Canadians won't see price tag for navy frigate replacement until 2019
Liberals learn lesson of F-35 and move to keep shipbuilding cost estimates under wraps till contract signed
Canadians will not know the price tag for the navy's frigate replacements — the largest, most complex military purchase in the country's history — until the ink is dry on the contract, Procurement Minister Judy Foote said Thursday.
The decision to keep the numbers secret is just one in a series of measures being taken by the Liberal government to get a handle on the National Shipbuilding Strategy, which was launched almost six years ago with much fanfare.
The program commits the federal government to dealing exclusively with Irving Shipbuilding in Halifax for the construction of combat ships and Vancouver's Seaspan Shipyards for civilian vessels.
The strategy has faced increased skepticism, however, because it has yet to produce a ship and there has been a series of published and broadcast reports with eye-popping cost projections.
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- Harper government gave Seaspan shipyard $40M contract on election day
Foote's speech to a defence industry trade show Thursday is an attempt to shut down the speculation.
"We will not be announcing a new cost estimate for the Canadian Surface Combatant until we have signed a build contract," she told delegates, most of them defence contractors. "Given the number of variables that can change and the very long planning periods involved, we have seen how these estimates cause confusion."
Ottawa is not expected to award a design contract until next year. The agreement to build the warships won't be signed until 2019.
The Liberals, who promised openness and transparency during the last election, appear to be learning the lesson of the searing political debate over the F-35 fighter, where arguments over price tags among the Conservative government, the parliamentary budget officer and the auditor general derailed the purchase.
A history of rising costs
When the Harper government first began talking about replacing the navy's 12 patrol frigates with 15 modern warships, the construction cost was estimated at $26 billion.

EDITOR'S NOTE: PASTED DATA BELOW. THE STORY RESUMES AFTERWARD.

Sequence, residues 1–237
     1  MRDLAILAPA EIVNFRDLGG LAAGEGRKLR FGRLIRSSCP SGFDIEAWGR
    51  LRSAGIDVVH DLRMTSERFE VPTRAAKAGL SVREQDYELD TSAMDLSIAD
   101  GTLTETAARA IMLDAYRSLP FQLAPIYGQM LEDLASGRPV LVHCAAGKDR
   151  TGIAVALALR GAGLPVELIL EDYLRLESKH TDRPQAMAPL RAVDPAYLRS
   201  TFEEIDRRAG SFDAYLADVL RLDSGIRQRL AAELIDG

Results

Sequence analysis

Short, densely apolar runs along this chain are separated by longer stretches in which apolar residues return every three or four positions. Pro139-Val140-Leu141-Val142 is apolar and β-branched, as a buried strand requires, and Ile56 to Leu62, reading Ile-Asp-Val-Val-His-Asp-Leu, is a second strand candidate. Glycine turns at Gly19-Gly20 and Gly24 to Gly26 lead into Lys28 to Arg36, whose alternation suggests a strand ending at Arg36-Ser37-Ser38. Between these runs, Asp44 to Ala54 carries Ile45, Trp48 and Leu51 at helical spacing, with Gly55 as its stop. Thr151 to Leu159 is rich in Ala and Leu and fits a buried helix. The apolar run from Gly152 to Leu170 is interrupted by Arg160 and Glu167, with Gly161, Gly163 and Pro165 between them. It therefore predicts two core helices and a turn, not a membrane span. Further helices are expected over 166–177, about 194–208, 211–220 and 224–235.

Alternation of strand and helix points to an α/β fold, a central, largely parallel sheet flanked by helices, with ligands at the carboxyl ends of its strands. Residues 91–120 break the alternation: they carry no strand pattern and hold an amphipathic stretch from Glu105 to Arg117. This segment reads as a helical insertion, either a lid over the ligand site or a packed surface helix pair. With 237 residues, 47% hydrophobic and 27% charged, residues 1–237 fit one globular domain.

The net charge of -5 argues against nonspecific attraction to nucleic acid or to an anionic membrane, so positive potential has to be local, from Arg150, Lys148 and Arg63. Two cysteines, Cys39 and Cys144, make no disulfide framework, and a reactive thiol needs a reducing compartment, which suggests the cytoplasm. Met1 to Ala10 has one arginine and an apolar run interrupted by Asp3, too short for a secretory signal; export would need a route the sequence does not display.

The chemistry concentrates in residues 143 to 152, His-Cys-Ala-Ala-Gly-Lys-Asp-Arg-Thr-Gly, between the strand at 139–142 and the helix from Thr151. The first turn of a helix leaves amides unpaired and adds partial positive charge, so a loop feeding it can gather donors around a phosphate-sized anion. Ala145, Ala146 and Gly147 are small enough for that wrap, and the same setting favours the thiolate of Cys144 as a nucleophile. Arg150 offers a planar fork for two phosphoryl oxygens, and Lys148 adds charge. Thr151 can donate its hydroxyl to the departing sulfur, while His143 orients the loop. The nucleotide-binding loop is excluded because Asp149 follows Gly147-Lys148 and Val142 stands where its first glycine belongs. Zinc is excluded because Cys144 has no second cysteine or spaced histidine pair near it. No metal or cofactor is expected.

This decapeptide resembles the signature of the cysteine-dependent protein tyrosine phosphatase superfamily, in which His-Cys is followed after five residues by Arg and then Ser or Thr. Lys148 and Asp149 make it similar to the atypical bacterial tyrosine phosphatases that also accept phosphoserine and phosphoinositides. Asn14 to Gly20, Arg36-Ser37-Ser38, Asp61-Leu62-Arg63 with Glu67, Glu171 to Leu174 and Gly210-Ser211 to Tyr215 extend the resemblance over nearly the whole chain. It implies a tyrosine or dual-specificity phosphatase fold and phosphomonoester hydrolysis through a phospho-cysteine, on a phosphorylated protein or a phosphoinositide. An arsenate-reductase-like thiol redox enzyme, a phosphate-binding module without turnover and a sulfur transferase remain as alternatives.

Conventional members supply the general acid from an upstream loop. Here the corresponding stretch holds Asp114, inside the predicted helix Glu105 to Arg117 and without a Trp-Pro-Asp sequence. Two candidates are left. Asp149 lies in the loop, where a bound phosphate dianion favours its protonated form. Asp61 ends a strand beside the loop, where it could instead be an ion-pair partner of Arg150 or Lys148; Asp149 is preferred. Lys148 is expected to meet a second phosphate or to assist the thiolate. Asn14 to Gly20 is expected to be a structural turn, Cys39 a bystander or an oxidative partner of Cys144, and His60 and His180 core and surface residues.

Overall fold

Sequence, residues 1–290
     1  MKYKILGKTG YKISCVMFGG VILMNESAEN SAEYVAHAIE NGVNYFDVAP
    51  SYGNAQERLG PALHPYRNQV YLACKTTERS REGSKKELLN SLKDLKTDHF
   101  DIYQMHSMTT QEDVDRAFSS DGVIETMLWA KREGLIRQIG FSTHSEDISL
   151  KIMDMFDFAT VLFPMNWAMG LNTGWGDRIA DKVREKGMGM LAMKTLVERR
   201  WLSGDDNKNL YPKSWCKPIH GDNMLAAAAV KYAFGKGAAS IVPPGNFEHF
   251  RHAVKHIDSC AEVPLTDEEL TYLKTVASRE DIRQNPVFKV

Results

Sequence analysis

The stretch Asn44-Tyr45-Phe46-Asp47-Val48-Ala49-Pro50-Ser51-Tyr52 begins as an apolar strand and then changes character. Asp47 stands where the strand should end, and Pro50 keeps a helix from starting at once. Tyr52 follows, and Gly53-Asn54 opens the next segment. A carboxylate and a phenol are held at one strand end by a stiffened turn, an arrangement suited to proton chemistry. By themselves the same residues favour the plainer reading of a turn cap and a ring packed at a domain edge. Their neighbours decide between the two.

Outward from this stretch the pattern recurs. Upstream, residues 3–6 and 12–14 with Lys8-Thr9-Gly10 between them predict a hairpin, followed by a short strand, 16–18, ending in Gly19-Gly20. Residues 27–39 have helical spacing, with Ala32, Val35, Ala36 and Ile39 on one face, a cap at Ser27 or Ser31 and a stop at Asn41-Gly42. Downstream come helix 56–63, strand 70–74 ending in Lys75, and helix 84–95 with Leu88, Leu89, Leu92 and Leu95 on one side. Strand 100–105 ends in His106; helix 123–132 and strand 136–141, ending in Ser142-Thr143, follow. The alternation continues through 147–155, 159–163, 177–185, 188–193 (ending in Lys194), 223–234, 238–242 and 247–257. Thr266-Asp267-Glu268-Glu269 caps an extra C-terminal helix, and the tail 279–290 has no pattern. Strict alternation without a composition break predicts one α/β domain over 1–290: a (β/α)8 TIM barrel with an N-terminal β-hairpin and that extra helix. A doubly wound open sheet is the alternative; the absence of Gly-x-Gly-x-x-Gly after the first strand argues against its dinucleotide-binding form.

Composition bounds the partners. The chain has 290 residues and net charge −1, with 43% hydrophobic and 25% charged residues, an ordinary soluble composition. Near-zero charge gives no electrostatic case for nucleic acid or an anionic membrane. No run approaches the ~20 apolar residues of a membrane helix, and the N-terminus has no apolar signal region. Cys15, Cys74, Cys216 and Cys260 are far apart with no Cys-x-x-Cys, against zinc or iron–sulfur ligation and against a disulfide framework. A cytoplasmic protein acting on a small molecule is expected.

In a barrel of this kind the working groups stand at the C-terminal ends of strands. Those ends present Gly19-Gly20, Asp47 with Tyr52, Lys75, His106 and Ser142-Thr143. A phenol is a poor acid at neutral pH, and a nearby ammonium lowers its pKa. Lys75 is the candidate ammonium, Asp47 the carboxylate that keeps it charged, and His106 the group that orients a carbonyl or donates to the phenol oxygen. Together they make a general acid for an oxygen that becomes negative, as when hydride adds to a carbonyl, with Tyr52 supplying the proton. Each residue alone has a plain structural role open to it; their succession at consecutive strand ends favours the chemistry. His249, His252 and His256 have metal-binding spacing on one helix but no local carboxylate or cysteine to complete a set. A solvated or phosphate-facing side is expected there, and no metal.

But that was nearly a decade ago before delays and the corrosive effect of inflation began playing havoc with those assessments.
Last year, the commander of the navy told CBC News the cost of building the ships could well hit $30 billion, even without maintenance and long-term support costs.
The Canadian Press, quoting internal briefings prepared for the new Liberal government, reported in March that the total lifetime price tag could hit $104 billion, a figure stretched out over three decades that would include long-term maintenance, as well as the cost of the crew, fuel and other expenses.
The solution for the Liberals is to stop talking about the numbers until they have signed agreements.
"It makes no sense to establish a budget today for a project that will not start for years, even a decade," said Foote, who noted that the previous government never updated its initial shipbuilding cost estimates to reflect changes in material cost, the exchange rate and inflation.
All of this has led to a skewed picture, in her estimation.
"This is the main reason why projects appeared to be vastly over budget when actual contracts were signed," said Foote.
Overcharging by contractors
The Liberals are developing a new costing method and promised Thursday to keep Parliament updated with regular reports and estimates.
The first retrospective of the shipbuilding plan was released Thursday along with the Defence Department's annual list of anticipated capital purchases.
When the shipbuilding strategy was launched, federal officials promised that in exchange for ditching the competitive process they would conduct rigorous oversight to make sure taxpayers were not getting taken for a ride.
But a recent internal report prepared for Public Services and Procurement Canada said the federal government was routinely overcharged by contractors, to the tune of tens of millions of dollars in practices that have been going on for decades.
The Liberals have been warned that years of cutbacks have left the purchasing department without the staff to oversee such complex programs, and Foote announced Thursday that the number of employees working on the shipbuilding strategy will double, possibly triple.
Kevin McCoy, the president of Irving Shipbuilding, said that sticker shock among the public is always a concern, but promised the federal government will pay a fair price for its warships.
"What we have said consistently to the government of Canada is: Canada should pay no more for their warships than other nations with like-minded aspirations," McCoy told CBC News.
"And that is really what is the focus of this strategy, which we endorse."